Anxiety and fears are two sides of the same issue. Both are sources of information that signal us to feel endangered. When we feel anxiety, we do not know the source or cause. All we can experience is the uncomfortable but “invisible” threat to our well-being. The challenge when dealing with anxiety is to be able to find the image that brings the anxiety into focus.
Unfortunately, anxiety can become a habitual mind-set that operates automatically and has a tendency to generalize, taking up more and more of our conscious attention. The challenge is now twofold: to explore the roots of the anxiety which often lie in past experiences even sometimes forgotten experiences, and assess the relevance of the felt threat to our current life.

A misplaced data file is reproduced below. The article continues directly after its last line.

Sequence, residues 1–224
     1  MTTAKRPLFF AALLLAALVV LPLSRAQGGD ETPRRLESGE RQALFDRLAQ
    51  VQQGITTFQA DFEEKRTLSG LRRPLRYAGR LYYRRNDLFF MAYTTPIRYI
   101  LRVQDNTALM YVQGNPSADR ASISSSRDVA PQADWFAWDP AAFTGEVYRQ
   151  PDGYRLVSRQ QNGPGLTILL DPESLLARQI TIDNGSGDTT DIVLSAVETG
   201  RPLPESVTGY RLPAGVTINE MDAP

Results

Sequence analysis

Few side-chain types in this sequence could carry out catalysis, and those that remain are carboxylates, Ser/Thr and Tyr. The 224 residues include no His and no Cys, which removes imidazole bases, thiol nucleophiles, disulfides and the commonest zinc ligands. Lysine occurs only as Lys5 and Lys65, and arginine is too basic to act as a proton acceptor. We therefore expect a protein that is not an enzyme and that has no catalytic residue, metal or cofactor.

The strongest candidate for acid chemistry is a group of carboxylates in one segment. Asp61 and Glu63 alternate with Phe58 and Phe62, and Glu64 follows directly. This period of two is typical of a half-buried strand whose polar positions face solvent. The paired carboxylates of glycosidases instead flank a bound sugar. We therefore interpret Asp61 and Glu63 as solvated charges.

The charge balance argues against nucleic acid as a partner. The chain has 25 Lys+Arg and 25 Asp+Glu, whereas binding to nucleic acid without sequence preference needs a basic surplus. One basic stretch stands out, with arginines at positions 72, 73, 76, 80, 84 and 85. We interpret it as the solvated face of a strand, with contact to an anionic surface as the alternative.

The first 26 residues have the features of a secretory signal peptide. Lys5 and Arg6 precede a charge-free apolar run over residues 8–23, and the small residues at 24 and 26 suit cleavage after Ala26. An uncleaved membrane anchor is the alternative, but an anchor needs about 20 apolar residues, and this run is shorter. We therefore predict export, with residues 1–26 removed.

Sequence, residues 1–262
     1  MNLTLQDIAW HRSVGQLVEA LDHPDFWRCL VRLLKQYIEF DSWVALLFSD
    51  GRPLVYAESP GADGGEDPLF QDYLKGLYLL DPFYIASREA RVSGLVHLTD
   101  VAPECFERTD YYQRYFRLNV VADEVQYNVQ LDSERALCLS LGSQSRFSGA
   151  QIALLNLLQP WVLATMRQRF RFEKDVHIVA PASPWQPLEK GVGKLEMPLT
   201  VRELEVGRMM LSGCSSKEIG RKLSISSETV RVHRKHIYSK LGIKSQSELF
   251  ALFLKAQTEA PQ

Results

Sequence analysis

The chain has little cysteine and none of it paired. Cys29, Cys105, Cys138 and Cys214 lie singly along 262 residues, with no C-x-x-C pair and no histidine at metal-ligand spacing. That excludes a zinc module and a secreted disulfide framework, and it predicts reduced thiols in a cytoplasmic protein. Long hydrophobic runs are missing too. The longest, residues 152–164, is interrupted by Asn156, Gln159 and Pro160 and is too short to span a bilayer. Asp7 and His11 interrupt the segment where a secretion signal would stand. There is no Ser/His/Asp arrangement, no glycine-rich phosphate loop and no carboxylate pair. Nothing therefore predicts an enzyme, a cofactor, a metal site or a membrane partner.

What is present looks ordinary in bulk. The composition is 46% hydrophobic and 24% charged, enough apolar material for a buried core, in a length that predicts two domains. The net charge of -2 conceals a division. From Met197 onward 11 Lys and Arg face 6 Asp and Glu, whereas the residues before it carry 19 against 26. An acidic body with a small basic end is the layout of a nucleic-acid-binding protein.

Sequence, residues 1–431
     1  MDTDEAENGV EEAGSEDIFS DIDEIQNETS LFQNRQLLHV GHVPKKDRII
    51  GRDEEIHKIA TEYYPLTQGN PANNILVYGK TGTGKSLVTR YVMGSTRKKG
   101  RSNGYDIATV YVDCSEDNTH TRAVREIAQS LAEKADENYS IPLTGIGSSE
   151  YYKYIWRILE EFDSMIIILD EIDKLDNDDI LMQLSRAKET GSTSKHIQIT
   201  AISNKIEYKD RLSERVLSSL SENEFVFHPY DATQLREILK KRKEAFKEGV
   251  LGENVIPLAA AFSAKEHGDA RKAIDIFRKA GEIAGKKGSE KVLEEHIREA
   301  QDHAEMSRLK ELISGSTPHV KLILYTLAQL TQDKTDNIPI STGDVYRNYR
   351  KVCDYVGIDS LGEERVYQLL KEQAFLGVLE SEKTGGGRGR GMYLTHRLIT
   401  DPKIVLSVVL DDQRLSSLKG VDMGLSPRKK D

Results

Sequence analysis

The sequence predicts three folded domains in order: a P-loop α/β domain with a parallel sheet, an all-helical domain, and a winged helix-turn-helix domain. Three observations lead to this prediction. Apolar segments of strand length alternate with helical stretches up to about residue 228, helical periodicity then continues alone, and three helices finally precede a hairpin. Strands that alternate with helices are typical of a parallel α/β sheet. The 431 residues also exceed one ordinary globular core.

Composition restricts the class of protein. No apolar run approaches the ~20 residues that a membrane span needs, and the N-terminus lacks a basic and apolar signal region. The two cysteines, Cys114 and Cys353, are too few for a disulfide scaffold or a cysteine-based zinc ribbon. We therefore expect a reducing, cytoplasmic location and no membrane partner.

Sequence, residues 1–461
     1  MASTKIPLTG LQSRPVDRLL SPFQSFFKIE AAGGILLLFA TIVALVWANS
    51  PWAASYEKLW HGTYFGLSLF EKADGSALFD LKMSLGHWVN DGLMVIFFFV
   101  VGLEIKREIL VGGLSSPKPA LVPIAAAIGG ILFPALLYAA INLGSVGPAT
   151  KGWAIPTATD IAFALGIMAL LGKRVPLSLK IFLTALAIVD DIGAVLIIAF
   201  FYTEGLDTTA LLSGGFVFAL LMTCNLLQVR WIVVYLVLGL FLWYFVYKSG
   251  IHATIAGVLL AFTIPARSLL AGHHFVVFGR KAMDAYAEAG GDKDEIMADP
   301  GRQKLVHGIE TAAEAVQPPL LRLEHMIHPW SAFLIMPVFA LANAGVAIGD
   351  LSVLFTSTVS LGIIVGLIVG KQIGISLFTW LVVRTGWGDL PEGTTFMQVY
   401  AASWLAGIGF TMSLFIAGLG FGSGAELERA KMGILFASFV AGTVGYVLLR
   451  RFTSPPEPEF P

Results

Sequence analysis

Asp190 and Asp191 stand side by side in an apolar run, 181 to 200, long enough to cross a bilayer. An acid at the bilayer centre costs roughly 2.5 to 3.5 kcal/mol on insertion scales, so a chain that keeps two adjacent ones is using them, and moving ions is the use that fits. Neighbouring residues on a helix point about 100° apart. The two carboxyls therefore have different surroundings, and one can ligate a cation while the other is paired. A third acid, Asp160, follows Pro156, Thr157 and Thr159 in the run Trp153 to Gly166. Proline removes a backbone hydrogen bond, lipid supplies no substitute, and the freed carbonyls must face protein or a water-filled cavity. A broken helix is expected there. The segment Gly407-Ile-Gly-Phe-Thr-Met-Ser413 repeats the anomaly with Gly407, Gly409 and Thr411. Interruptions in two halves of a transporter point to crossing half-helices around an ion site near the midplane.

Once the process has begun of unraveling the anxiety we can begin to deal with it as a fear. Fear is, so to speak, anxiety limited and in focus. When we identify a fear, we have the opportunity to address it consciously. Very often fear tells us that we need to grow in some way, and growth means “stretching” ourselves better to deal with new challenges and opportunities.